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Designing Enemies using Abstract Classes

Now that we have our player unity created, let’s take a look at how we can go about making enemy’s within our game. We could go about and create them all as their own script’s and enter in all of their own individual attributes:

However, when you look at how the different enemy types are set up, they all have the same sort of information. Now, with just a couple different units in place, it isn’t too bad but if we were to implement dozens of different enemy types, the amount of script work needed would add up pretty quick. To alleviate the amount of work we would have to put in, we can create an abstract class to code in all of the shared attributes of our enemies, and then assign values and such to those particular enemies:

To start, let’s create a script for the enemy class along with our moss giant:

Within our Moss_Giant script, all we are going to do is change it from MonoBehaviour to Enemy after we created our enemy script properties and attach it to our giant object within unity:

As we can see, even though our Giant script is empty, the 1 change to have it pull from the Enemy script allows us to use the public int values we set up. Now, when we are using this type of script behaviour, using public is generally not best practice, as we want to keep the values hidden from other classes that do not need access to this information. To do that, we can use a different method of setting up the restrictions other than public or private:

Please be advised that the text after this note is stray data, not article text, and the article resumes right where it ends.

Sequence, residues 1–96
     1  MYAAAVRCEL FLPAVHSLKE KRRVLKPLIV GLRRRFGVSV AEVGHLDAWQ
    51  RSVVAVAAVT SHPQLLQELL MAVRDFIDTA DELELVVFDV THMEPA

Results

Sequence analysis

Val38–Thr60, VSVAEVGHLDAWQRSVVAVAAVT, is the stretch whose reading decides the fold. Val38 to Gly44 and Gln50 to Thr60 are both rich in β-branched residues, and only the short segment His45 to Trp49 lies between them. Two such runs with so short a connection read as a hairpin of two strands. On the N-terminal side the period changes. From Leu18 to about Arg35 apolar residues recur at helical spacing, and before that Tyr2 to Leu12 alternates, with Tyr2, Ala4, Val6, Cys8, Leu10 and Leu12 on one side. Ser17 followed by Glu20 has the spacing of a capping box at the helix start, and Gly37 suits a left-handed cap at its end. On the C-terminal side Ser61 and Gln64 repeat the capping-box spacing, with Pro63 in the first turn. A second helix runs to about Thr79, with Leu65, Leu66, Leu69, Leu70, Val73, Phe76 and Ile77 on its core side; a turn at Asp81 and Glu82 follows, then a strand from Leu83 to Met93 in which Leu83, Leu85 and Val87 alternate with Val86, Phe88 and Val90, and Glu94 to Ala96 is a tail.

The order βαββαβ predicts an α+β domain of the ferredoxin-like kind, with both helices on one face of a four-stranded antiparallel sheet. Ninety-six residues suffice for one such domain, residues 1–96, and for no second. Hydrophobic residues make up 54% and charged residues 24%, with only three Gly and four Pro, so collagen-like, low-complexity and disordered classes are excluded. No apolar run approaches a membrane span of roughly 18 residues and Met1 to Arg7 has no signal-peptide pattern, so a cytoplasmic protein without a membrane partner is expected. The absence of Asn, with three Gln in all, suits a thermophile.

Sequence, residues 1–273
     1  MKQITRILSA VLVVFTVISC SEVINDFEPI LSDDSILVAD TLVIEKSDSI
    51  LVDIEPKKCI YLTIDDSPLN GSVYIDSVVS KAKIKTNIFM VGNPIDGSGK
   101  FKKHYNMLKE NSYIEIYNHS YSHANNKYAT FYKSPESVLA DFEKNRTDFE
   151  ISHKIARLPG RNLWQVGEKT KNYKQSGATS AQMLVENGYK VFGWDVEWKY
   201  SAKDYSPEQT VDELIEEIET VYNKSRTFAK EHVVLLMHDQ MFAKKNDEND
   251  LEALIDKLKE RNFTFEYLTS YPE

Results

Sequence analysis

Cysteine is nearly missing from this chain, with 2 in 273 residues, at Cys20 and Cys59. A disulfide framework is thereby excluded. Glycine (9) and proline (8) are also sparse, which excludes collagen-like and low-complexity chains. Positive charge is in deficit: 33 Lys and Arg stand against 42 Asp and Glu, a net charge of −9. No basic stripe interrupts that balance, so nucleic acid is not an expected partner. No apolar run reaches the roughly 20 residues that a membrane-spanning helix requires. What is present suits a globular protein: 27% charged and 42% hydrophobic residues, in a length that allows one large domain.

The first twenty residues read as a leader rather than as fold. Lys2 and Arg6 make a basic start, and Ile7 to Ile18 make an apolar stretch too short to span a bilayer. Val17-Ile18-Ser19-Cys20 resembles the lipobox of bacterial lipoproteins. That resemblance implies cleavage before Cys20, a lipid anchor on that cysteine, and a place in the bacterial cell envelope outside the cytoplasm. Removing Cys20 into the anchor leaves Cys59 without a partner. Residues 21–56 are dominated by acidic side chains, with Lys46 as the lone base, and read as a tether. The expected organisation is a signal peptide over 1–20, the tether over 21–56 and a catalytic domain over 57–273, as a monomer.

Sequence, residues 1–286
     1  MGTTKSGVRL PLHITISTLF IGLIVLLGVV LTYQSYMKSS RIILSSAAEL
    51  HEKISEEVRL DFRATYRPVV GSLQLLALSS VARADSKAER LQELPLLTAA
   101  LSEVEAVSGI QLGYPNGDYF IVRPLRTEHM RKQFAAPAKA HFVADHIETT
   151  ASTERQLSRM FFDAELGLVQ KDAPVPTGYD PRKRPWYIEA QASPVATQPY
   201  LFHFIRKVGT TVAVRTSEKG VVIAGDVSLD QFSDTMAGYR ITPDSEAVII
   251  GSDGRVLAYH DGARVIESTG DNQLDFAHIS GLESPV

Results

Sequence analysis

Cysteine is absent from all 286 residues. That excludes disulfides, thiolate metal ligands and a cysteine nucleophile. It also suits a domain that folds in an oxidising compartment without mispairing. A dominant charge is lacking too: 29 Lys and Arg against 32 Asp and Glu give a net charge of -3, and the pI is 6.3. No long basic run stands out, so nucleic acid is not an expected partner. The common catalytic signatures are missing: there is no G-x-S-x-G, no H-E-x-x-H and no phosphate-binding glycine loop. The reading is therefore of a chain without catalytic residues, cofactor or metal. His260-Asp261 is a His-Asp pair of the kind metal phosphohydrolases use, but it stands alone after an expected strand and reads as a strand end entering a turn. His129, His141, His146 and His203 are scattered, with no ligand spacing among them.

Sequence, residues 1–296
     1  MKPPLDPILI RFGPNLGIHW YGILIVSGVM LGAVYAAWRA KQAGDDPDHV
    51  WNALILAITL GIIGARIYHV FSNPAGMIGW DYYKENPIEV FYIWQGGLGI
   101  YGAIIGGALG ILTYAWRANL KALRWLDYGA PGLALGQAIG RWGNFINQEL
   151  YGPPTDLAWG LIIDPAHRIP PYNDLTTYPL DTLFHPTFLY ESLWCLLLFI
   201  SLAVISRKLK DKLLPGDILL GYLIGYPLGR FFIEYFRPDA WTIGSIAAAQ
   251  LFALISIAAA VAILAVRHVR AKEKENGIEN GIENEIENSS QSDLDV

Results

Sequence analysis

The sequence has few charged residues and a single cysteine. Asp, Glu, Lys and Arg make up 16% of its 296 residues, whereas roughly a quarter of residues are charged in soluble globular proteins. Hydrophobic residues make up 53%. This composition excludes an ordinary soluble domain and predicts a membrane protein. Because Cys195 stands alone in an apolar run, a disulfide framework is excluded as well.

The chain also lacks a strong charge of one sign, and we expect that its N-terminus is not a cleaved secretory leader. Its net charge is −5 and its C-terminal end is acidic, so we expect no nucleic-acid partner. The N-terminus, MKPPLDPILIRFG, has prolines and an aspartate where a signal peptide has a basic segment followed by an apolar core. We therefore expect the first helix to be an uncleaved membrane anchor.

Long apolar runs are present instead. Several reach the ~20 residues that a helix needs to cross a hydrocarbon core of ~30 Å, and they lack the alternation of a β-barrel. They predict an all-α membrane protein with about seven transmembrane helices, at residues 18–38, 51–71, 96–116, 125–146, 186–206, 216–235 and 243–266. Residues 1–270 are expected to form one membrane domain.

With the protected restriction, it allows us to call upon the variable with any class that is calling upon that particular one.
Next, let’s take a look at adjusting our void to a virtual one. What this allows us to do is have our own methods for a certain behaviour, like attack, but we can also make alterations to it based on the enemy we are adjusting:

As we can see, we are still calling upon the My Name Is, however with the spider class we call an additional method.
Next, we will alter our Enemy class into an abstract class, and create an abstract void update. This will have it so that anything we create using the enemy behaviour will be forced to implement an override to that particular void:

With this method, we can use it to be sure that every time we create a new enemy, we are sure to add in all of the needed behaviours to make our new enemy function proper. Now that we have looked into how we can construct an abstract class, we will look into creating the individual behaviours for the various enemy types we plan to implement into our game.




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Jordan Evans

Jordan Evans

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